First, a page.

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Lets say you have a string: abcde

And a set of strings: ab, cde, abcd, a, bcd, cd

You want to find all possible concatenations from the set that form the string.

You can use recursion to traverse through all possible concatenations from the set, but how would you return only those that satisfy the solution?

The possible combinations:

ab - cde - yes
ab - cd - no
abcd - no
a - bcd - no
ab - cd - no

You can build a tree from the traverse and then extract the paths that complete. Is there a way without using a tree?

I am implementing this in Python but feel free to answer in any language.

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1  
Your list of "possible combinations" is not exhaustive, correct? –  brc Nov 14 '11 at 13:53
    
Yes, it's not exhaustive, but making guesses based on the string. –  Steve Nov 14 '11 at 14:01
1  
Is this homework? It doesn't seem like a real world problem. –  Bryan Oakley Nov 14 '11 at 14:11
2  
It's a real world problem. I am working on converting pinyin with diacriticals to pinyin without. It's not for work, but a side project. I posted the problem in reductio to make things simpler. I already have a solution - the tree, but am looking for something more elegant. I wish I were still in school. –  Steve Nov 14 '11 at 14:25

3 Answers 3

up vote 3 down vote accepted

One possibility is to structure the search as a generator. In python, it might look like this:

def concatenations(target_string, fragments, concat_path=()):
    if not target_string:
        yield concat_path
    else:
        for frag in fragments:
            if target_string.startswith(frag):
                new_target = target_string[len(frag):]
                new_path = concat_path + (frag,)
                for c in concatenations(new_target, fragments, new_path):
                    yield c

Note that I have assumed that the elements from the set can occur more than once in the string. If that is inappropriate, replace fragments by fragments - {frag} in the recursive call.

You can get all elements by just gathering all the results from the generator into a list:

fragments = {"ab", "cde", "abcd", "a", "bcd", "cd", "e"}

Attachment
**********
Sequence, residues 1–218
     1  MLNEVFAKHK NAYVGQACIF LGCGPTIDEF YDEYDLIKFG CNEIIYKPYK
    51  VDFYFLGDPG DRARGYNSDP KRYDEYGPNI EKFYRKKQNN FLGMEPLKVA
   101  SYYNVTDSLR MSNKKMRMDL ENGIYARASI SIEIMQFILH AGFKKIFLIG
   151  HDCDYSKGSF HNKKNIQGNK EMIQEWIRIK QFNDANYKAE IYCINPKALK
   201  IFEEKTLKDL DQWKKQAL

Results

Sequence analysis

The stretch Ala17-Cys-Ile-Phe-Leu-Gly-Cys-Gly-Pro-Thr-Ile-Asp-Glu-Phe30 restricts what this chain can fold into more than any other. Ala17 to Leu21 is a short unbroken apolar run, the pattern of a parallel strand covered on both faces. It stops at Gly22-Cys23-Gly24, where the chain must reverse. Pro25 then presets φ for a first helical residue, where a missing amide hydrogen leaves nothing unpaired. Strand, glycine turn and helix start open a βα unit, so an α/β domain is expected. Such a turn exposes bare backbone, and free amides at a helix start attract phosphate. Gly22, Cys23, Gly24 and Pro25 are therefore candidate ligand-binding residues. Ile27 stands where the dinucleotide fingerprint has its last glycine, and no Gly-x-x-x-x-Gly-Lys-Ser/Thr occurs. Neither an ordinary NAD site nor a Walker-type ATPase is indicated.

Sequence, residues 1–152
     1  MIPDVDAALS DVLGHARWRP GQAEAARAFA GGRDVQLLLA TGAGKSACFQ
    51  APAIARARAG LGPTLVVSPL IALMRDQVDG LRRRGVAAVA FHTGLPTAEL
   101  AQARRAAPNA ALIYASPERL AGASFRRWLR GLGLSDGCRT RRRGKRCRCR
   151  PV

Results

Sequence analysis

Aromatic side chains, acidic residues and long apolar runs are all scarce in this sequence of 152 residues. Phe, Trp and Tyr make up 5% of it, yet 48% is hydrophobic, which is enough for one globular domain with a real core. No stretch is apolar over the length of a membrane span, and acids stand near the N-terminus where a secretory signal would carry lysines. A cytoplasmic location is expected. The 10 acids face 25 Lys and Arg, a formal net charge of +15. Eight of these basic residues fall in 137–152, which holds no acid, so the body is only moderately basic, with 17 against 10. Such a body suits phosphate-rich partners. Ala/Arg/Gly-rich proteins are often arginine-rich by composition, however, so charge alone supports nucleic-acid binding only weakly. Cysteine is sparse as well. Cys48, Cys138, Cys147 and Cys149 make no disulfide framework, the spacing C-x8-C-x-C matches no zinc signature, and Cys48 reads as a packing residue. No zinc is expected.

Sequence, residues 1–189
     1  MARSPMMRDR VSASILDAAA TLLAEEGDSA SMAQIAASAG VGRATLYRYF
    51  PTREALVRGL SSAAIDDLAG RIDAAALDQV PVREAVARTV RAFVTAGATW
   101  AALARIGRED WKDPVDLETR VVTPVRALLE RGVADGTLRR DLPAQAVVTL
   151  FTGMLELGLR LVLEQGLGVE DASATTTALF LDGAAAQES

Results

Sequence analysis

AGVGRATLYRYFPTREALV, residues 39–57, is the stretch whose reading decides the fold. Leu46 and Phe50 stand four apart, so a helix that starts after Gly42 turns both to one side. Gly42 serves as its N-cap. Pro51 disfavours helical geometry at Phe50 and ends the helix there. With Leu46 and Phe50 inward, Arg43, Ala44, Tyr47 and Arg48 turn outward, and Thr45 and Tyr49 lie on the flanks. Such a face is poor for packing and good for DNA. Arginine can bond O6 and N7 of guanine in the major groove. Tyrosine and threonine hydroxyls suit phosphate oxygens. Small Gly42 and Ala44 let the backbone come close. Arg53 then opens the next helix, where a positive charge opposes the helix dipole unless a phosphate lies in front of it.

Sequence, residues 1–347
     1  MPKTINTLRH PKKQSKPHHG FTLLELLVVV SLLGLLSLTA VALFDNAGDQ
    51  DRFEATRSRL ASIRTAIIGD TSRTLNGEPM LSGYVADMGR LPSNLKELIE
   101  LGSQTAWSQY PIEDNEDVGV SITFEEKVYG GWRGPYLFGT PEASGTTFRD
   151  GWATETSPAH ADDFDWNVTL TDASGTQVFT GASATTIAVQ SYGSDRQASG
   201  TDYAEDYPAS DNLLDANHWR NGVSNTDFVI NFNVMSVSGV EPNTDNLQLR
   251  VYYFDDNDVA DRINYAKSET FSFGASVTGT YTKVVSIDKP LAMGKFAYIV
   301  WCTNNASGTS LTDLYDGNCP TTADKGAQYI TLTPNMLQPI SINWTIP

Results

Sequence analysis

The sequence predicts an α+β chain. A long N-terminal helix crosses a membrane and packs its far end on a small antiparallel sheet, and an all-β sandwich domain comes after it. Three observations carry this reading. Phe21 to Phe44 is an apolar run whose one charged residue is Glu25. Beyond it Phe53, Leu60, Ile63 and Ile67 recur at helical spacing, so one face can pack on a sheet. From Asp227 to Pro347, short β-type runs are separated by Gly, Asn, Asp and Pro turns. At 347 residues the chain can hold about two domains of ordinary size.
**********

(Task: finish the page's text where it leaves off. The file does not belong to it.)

list(concatenations("abcde", fragments))

This produces:

[('a', 'bcd', 'e'), ('abcd', 'e'), ('ab', 'cde'), ('ab', 'cd', 'e')]

You could also accumulate all the results into a list as the search proceeds.

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Make the recursive function return a list of all concatenations.

I.e., you make a function concatenations, with a string and a set as input. This function returns a list of all concatenations of items from the set that fit the string.

Then you can define concatenations recursively in terms of itself:

  • (end condition) if the string is empty, then any set satisfies the condition, so return a list with a single, empty, concatenation.

    concatenations("", any set) = [[]]   # single empty concatenation
    
  • (recursive call) otherwise, the set of concatenations of the elements of the set that make up the string can be defined as the concatenation of an element X of the set with all concatenations of the string with X removed (from the start) and the set with X removed, for all X with which the string starts.

    concatenations(s, set) =
      sum([[[x] + y for y in concatenations(s[len(x):], set - x))]
           for x in set if s.startswith(x)], [])
    

(code is half python, half math; I hope this gives enough hints :p)

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The way without using a tree is to just try it by going over all possible permutations, but as soon as you add any intelligence to this randomness, I have the impression you'd go back to a tree like structure again.

That said, a trie structure sounds fit for that. Two popular Python implementations are available for implementing this, trie and PyTrie.

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